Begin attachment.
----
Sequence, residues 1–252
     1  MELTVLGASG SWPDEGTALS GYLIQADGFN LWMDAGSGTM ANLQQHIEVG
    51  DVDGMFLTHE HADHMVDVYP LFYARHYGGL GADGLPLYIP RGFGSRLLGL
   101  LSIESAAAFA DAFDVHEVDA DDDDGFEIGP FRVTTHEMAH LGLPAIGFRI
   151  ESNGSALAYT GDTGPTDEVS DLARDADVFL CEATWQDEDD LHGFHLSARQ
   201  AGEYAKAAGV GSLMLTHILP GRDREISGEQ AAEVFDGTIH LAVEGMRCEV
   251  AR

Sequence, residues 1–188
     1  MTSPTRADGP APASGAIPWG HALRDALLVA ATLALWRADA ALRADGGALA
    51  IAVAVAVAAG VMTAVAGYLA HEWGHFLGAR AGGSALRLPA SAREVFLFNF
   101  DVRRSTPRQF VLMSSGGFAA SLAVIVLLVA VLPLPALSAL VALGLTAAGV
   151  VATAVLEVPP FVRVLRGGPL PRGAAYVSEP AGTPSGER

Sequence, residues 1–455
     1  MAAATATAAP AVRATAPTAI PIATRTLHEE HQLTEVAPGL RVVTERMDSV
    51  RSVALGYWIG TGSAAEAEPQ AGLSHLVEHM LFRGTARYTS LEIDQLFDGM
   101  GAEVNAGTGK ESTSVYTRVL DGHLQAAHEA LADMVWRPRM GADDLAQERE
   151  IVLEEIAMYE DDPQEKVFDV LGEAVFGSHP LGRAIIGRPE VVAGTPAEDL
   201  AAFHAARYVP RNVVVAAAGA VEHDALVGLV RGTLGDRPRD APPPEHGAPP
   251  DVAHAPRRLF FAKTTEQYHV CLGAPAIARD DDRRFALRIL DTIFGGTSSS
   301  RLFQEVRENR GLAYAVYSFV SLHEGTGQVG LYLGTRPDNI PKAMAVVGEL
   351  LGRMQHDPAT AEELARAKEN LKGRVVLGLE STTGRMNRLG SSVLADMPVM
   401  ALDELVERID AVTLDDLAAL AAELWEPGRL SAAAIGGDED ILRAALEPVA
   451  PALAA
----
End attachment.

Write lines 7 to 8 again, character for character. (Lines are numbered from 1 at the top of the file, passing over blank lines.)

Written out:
   251  AR

Sequence, residues 1–188